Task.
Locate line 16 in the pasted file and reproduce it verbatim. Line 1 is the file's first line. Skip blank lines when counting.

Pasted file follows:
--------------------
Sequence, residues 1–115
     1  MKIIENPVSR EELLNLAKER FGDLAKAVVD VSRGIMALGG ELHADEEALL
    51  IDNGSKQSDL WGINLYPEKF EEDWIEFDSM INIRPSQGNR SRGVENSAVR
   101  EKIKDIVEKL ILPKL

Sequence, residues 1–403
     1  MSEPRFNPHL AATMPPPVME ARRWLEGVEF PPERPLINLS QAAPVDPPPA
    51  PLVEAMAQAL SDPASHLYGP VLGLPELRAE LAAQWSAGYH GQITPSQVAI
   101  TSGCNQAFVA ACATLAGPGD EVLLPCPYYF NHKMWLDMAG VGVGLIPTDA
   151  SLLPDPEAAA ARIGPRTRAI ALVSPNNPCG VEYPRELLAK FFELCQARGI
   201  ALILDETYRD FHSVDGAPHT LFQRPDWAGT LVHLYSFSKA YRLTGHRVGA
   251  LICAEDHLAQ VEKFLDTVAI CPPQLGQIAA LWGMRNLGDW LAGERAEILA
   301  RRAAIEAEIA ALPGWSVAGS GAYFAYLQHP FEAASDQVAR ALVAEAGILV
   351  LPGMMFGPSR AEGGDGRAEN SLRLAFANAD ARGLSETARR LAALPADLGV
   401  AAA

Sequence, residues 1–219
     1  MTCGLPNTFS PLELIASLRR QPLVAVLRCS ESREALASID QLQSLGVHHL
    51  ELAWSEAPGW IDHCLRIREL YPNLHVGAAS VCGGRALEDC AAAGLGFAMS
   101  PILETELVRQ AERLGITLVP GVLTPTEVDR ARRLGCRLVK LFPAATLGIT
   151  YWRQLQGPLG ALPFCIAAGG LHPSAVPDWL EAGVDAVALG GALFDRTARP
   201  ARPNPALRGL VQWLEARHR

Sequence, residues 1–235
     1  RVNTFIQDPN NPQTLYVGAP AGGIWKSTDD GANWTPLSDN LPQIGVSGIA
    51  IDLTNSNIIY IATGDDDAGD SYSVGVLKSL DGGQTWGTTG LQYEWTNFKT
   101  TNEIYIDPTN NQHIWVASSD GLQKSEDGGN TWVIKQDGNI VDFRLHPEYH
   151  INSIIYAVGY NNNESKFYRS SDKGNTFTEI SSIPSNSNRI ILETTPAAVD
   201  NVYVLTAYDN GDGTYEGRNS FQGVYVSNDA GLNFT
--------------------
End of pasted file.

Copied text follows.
     1  MTCGLPNTFS PLELIASLRR QPLVAVLRCS ESREALASID QLQSLGVHHL